Emperor Vespasian (reigned 69-79 CE) became a devotee of Sarapis after he participated in a miracle (a cure of a lame hand and a cure of a vision problem) in Alexandria (at 70 CE).
Domitian (reigned 81-96 CE) built a huge temple for Isis and adopted the Egyptian dietary laws after the priests of Isis saved his life.
Almost every city of the eastern Mediterranean had a temple dedicated to a god or goddess of a mystery religion.
These religions were so widespread that many Roman officials and emperors participated in them. In Alexandria Ptolemy IV Philopator (reigned 221-205 BCE) was a devotee of Dionysus.
The mysteries were cults into which a person was initiated (taken in).
The initiate was called "mystes," the introducing person "mystagogos" (leader of the mystes).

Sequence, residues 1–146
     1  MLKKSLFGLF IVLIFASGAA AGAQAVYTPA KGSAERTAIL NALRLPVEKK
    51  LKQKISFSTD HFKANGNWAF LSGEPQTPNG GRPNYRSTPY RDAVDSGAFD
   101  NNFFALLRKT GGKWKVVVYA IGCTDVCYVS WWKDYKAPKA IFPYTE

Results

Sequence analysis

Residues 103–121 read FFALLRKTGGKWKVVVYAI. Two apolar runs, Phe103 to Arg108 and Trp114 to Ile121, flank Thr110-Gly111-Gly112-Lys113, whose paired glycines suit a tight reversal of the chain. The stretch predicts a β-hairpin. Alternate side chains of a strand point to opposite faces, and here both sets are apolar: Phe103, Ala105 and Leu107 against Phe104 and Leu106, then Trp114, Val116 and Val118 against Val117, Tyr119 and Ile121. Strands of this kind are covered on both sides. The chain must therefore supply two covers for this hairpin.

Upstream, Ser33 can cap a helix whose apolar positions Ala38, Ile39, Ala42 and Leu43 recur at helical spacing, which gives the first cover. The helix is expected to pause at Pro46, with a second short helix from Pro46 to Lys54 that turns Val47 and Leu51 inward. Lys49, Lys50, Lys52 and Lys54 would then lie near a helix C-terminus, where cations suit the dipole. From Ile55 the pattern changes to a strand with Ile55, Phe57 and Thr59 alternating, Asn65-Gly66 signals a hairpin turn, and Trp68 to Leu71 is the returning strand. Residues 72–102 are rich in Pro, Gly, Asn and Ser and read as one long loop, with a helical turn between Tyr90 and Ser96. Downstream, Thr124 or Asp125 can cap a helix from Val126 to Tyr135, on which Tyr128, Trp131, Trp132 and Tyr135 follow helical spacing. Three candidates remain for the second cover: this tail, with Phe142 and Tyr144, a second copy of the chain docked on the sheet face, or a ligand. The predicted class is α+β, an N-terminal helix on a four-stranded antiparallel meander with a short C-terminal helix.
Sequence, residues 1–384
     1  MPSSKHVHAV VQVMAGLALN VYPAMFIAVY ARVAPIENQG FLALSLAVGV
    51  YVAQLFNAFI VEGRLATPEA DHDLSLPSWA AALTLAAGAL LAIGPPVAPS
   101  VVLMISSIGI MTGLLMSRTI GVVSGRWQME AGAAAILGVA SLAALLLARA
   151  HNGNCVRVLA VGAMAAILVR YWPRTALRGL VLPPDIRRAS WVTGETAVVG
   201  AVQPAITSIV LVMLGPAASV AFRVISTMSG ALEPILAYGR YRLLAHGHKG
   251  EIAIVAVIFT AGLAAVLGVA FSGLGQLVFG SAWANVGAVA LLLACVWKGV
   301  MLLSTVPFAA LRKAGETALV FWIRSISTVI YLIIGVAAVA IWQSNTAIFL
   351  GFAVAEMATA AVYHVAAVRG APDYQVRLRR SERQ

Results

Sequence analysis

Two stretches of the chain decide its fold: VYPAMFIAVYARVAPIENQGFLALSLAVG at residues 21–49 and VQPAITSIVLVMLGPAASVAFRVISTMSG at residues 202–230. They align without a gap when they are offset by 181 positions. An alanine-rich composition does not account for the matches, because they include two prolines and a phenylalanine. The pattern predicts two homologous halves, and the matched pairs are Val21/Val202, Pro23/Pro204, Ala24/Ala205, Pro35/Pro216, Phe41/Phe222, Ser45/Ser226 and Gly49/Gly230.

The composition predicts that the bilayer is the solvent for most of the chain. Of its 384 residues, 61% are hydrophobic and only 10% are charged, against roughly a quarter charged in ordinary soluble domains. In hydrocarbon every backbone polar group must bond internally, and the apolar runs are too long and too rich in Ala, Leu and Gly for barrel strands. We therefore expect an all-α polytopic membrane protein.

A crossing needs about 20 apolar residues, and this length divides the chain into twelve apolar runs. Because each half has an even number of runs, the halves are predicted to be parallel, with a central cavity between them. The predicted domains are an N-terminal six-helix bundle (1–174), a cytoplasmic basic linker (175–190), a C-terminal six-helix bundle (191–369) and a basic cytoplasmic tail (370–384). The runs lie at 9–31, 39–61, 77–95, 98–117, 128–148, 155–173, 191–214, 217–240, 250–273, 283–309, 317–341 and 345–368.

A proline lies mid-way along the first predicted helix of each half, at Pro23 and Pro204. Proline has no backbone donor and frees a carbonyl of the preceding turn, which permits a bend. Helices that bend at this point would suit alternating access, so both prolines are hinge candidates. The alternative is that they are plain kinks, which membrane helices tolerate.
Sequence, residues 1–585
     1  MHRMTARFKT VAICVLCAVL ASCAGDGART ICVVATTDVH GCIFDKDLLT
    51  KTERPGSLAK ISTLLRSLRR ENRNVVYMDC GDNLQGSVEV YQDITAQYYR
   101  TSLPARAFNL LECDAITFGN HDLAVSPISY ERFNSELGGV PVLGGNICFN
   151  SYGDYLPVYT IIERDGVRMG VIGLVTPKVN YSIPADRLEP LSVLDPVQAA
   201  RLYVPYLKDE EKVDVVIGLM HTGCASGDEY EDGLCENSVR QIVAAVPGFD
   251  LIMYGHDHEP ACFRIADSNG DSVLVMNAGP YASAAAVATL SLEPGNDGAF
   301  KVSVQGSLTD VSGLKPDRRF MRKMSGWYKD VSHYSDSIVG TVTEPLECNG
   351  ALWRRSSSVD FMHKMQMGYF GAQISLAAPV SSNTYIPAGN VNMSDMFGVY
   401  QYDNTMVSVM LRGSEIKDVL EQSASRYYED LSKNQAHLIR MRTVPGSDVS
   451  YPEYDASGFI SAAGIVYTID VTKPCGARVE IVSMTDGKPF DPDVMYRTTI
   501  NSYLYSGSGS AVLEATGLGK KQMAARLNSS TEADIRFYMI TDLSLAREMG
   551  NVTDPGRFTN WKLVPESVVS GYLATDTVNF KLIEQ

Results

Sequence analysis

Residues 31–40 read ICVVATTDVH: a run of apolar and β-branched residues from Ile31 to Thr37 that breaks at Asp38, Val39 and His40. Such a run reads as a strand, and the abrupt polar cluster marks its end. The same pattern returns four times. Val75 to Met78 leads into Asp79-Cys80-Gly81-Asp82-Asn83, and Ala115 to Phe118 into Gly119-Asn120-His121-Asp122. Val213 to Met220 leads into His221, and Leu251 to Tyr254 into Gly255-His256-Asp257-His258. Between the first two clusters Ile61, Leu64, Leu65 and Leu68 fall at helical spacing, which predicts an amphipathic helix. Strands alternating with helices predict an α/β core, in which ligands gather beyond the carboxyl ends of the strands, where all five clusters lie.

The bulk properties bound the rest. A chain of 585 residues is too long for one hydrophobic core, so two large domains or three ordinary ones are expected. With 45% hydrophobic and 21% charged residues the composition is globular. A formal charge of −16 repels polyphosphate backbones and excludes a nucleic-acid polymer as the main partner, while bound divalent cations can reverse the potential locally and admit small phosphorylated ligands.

The cults of the mystery religions were influenced uniformly by the ideas of the Greek philosophers.
In the first century CE various mystery religions existed side-by-side throughout the Roman empire.
In Rome Emperor Augustus (reigned 44 BCE to 14 CE) was an initiate of the Eleusinian Mysteries and a devotee of Apollo.
Under his rule, in 28 BCE, a splendid temple of Apollo was built on the Palatine Hill.
The following features were common to all mystery religions.
Admission to the community was by a rite of initiation, a solemn consecration.